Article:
Is Biden's US back as a global trade leader or does Trump's protectionism still cast a shadow?

Fri 28 May 2021
Posted by: William Barns-Graham
Trade News

white house

US President Joe Biden entered the White House earlier this year pledging to restore the country’s trade relations with allies while maintaining a vigilant approach to dealings with China.

However, four months into his presidency, has Biden restored the US as the leading champion for free global trade? 

The IOE&IT Daily Update has a look at how the country is getting on with its major trade partners.

‘Candid’ talks with China

The BBC reports that US and Chinese officials held “candid, pragmatic” talks yesterday (27 May), with US Trade Representative (USTR) Katherine Tai admitting the “development of bilateral trade is very important”.

Ahead of the talks, Tai also said China continued to pose “very large challenges” to the US. 

Biden’s team are evaluating the ‘phase 1’ deal former President Donald Trump signed with China in January 2020, which sought to bring some order to the often-strained relations that typified the latter’s tenure in the White House.

Under the deal, China pledged to increase its purchases of US products and services by at least $200bn (£142bn) over 2020 and 2021, but there are concerns this target hasn’t been met and China may be 40% short.

Tariffs put in place by Trump will remain in place for now.

Canada relations sour over milk

Hopes for better trade relations with Canada have faded after the US sued the country over controversial dairy duties, which the White House says breach the terms of the US-Mexico-Canada Agreement (USMCA), the Guardian reports

Canada strictly controls its dairy market with tariffs that are meant to keep domestic prices stable. Imported products – such as American cheese – receive a 300% levy, for instance.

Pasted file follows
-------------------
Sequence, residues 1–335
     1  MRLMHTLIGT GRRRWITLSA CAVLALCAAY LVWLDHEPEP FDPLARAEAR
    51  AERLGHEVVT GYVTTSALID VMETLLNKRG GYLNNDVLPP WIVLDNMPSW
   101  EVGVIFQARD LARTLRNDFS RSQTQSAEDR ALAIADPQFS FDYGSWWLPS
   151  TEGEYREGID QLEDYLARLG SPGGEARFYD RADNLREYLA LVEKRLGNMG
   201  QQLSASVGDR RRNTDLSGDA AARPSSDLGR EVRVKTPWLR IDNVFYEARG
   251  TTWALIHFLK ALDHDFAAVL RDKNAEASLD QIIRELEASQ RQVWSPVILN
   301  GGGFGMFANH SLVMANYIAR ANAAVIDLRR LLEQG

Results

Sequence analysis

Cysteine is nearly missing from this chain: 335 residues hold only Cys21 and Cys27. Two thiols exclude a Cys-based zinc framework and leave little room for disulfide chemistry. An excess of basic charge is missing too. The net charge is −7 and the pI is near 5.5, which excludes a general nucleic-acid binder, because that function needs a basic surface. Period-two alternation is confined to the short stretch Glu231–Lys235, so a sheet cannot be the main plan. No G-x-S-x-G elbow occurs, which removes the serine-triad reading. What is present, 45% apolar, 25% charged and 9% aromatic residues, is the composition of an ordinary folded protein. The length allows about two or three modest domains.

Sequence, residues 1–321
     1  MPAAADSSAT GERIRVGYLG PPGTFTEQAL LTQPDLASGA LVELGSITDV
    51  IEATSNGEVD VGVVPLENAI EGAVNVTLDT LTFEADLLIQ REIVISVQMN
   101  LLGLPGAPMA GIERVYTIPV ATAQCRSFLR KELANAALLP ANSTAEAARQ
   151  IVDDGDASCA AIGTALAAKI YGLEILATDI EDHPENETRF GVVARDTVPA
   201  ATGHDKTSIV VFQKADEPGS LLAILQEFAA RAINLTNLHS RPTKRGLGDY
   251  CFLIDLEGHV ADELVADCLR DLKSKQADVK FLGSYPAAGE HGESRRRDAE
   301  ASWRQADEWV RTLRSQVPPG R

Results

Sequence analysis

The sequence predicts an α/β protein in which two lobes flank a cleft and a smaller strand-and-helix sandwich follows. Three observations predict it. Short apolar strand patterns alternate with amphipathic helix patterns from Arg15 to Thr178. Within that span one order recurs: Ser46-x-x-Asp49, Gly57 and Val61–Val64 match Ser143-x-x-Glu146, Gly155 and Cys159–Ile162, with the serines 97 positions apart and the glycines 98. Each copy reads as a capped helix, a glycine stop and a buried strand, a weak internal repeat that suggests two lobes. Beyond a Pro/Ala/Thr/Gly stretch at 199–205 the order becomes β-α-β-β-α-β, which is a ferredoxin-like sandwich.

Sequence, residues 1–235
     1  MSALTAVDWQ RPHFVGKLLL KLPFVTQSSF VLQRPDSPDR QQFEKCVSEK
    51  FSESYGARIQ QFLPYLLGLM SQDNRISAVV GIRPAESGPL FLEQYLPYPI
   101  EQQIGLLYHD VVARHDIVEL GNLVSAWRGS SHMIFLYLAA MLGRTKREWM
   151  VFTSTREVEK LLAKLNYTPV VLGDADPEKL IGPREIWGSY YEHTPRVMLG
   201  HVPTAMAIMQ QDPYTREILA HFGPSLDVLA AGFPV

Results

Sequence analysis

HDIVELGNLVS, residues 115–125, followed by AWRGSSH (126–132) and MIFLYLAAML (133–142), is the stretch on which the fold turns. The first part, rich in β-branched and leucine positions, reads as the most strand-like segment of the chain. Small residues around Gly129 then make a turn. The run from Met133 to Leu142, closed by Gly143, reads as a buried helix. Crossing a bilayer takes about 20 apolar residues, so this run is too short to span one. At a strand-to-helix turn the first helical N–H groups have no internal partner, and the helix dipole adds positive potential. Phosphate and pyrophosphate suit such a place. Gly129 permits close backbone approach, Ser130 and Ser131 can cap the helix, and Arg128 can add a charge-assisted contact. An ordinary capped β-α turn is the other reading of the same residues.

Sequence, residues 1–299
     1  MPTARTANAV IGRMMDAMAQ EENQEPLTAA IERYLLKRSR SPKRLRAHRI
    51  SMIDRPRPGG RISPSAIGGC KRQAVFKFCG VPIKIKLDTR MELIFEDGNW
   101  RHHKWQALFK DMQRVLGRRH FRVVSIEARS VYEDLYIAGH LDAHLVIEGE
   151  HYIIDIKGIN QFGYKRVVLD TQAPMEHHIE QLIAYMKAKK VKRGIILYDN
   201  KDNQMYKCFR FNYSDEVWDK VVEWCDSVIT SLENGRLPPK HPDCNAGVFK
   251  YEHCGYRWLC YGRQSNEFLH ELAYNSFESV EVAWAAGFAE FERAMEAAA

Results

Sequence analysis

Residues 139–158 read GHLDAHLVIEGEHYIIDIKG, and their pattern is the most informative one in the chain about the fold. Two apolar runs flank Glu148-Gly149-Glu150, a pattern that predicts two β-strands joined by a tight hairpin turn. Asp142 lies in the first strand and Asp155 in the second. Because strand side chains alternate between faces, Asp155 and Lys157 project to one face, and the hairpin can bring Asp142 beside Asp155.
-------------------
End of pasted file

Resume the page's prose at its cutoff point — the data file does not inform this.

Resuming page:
Proposals for a deal to open its market to more imports still favour Canadian producers, according to Tai.

The US commerce department, for its part, last week doubled tariffs on softwood lumber, a key Canadian export.

Mixed bag for EU

While there is optimism that a resolution can soon be found to the long-running dispute over aircraft subsidies, duties look likely to remain for the rest of the year due to a separate dispute regarding US tariffs on steel and aluminium

Aircraft dispute

The current suspension of tariffs imposed because of the row over subsidies for aircraft manufactures Boeing and Airbus is due to run until 10 July, after which the taxes could be re-applied if there is no solution.

However, both sides have expressed optimism that a resolution will be found, according to Reuters.

Steel tariffs

Although US tariffs remain in place on European steel, the EU has said it will not increase the retaliatory tariffs it imposed in 2018, according to the FT

The two sides have given themselves until the end of the year to engage in discussions about the tariffs that the US imposed due to its view that it was being oversupplied with steel from overseas.

Valdis Dombrovskis, executive vice-president at the European Commission, announced the current detente last week in a joint statement with counterpart Tai and secretary of commerce Gina Raimondo that aimed to “reboot the transatlantic relationship”.

UK weighs its response 

The UK is in a similar position to the EU.

The Department for International Trade this week opened a consultation on what its post-Brexit tariff response to the aluminium and steel duties should be as it can now impose its own levies as an independent trading nation, as covered in the IOE&IT Daily Update yesterday.  

The UK currently has retaliatory tariffs in place on US exports of whiskey, motorcycles and tobacco, which duplicate the those set by the EU.

It is now looking at what tariffs would best reflect its own interests with US wine, chocolate and lobster being considered for future duties. However, trade minister Liz Truss is also keen to deescalate the dispute.

Mexico’s surplus

The first meeting to review the terms of USMCA saw Mexico raise differences between the US interpretation of the deal’s automotive content rules and the more flexible Mexican and Canadian reading, according to Reuters.

The US approach makes it more difficult for automakers to source components to satisfy the threshold needed for duty-free treatment, reports Lexology. The countries have pledged to continue discussing the matter.

Mexico also asked the US to review its ground transportation rules to ensure that Mexican truckers have access to the US market – a long-time complaint from Mexico City.

Meanwhile, Reuters also reports recent trade figures showing that Mexico produced a bigger-than-expected trade surplus with the US in April, powered by record exports as US demand helped to fuel a recovery in Latin America’s second largest economy